On a forgotten stretch of the Mississippi riverfront in north Minneapolis, Dowling Avenue turns to dirt. The pocked driveway curves among mountains of gravel and soil on its way to tattered domes full of fertilizer, unused grain elevators and belt conveyors, a decommissioned railroad spur, stacks of green and yellow shipping containers and a massive warehouse. A high voltage power line soars overhead.

Since the barges stopped coming in 2015, the Upper Harbor Terminal has been a post-industrial relic. Now the city of Minneapolis views it as a potentially transformative opportunity.

The city, Park Board and a group of developers want to rebuild the 48-acre tract 3 miles north of downtown into housing, offices, stores, restaurants, an amphitheater, parks and trails. They say a successful redevelopment could reconnect part of the North Side to the river and draw people and investment to a neglected part of the city.

With change coming, slowly but inevitably, local residents, politicians and a riverfront mushroom farm are alternately hopeful and apprehensive.

The project is the first big issue facing new Fourth Ward Council Member Phillipe Cunningham. Last week he strolled past the towering mounds of dirt and rock and stopped by one of the fertilizer domes at dusk, as exhaust streamed into the sky from the Xcel Energy power plant across the river.

Cunningham lives in the McKinley neighborhood across Interstate 94, and said that, despite the lack of activity on the project, people are already worried the development will raise housing costs and property taxes and price them out of their own community.

“It is really important to me that the Upper Harbor Terminal is a Midwest destination that reflects and benefits the community that it shares space with,” said Cunningham. “I don’t want Upper Harbor Terminal to be the beginning of the end of my community.”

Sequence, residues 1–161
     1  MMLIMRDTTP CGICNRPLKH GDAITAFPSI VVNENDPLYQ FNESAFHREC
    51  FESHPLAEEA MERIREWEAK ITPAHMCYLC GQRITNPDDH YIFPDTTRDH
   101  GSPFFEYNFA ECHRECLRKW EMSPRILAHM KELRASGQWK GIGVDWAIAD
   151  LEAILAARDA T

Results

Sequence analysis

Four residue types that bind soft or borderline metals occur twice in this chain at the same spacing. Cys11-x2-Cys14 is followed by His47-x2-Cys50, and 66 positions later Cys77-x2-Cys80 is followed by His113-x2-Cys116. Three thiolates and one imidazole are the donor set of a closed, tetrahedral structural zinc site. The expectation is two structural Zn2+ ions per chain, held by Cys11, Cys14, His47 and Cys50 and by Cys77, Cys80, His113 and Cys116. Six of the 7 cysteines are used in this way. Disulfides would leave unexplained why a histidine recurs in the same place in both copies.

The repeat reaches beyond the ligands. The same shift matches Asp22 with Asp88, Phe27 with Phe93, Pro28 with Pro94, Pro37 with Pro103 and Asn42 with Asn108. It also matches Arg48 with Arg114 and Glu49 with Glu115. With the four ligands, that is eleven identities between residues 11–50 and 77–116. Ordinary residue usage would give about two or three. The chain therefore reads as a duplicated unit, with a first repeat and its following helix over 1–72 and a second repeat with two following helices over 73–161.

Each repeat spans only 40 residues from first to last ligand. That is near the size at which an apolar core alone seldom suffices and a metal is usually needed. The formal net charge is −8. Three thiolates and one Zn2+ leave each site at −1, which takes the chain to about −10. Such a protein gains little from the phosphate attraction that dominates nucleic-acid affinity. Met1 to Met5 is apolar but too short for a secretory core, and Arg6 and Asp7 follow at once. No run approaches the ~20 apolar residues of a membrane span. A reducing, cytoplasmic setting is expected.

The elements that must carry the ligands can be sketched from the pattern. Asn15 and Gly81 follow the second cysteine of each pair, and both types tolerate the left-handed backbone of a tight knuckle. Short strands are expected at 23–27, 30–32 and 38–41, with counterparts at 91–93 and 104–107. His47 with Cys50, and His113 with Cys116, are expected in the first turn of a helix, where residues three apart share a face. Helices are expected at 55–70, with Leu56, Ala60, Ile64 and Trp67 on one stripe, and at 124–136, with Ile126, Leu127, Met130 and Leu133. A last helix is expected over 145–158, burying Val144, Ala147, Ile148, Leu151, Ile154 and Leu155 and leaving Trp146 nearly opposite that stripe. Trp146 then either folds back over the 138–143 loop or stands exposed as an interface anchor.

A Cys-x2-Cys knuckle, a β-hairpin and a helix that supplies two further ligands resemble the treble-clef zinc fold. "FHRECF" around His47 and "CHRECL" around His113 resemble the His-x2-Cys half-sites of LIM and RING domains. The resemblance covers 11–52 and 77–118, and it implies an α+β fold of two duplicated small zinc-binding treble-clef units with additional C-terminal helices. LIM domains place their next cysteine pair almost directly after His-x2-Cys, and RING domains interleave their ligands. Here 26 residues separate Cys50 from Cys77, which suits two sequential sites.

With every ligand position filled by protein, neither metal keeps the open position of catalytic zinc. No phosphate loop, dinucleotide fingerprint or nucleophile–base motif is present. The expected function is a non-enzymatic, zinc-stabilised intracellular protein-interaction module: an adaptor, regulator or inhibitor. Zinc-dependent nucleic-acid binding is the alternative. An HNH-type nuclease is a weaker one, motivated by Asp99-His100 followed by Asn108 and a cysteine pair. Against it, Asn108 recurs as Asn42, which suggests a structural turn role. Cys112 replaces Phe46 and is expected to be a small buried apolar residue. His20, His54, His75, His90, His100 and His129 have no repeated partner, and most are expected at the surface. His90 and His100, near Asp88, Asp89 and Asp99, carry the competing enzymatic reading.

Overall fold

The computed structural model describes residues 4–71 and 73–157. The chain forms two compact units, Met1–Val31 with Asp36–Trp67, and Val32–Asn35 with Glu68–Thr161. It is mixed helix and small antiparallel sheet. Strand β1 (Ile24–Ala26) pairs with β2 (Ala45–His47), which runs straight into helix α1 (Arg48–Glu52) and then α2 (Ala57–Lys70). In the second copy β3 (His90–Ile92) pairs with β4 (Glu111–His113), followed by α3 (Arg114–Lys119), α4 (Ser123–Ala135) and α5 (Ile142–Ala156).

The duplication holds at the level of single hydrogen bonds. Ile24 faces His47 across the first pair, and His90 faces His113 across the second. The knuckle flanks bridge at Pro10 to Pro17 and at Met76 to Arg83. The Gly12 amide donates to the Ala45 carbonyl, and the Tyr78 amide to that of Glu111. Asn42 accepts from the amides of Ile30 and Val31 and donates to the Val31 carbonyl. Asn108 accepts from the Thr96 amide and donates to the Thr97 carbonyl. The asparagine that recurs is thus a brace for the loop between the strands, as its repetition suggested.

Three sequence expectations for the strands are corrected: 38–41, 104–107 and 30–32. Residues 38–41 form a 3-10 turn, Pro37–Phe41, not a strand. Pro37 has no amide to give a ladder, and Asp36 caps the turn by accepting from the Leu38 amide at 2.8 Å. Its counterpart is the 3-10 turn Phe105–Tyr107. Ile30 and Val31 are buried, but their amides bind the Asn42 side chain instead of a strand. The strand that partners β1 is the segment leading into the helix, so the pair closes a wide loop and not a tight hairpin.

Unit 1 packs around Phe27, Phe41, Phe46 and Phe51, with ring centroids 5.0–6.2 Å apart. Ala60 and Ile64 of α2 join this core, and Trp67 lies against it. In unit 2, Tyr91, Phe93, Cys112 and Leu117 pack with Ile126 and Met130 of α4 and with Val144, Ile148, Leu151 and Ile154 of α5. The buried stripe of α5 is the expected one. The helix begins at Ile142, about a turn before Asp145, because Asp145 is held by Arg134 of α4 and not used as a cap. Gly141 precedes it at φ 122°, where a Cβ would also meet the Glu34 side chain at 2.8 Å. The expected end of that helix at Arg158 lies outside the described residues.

Plans will be made public by early spring, but whatever is proposed, the path forward is littered with obstacles.

“It’s a very complicated site, so it’s honestly taking longer than we had hoped,” said Ann Calvert, a city of Minneapolis planner and the project’s coordinator.

What’s there now

The largest building on the site is a 110,000-square-foot warehouse that holds piles of scrap metal, pallets stacked with bags of magnesium sulphate, an ancient bulldozer in a puddle of congealed oil, an old Holidazzle float, and the most prominent local business on the site: Mississippi Mushrooms, an organic farm for edible fungi.

Inside four plywood house-shaped growing rooms lined up in one corner of the warehouse, Ian Silver-Ramp grows five varieties of mushrooms for sale to local restaurants or anyone who can find their way to his farm.

Last week, Silver-Ramp climbed onto the roof of the warehouse, which offered a windswept view of downtown and the river, frozen solid but for a swath of dark blue in the middle. A giant spigot shot fertilizer into a semi from one of the domes, which was spotted with dead weeds clinging to its cracks. He said he’d like the warehouse to be an incubator for green businesses like his.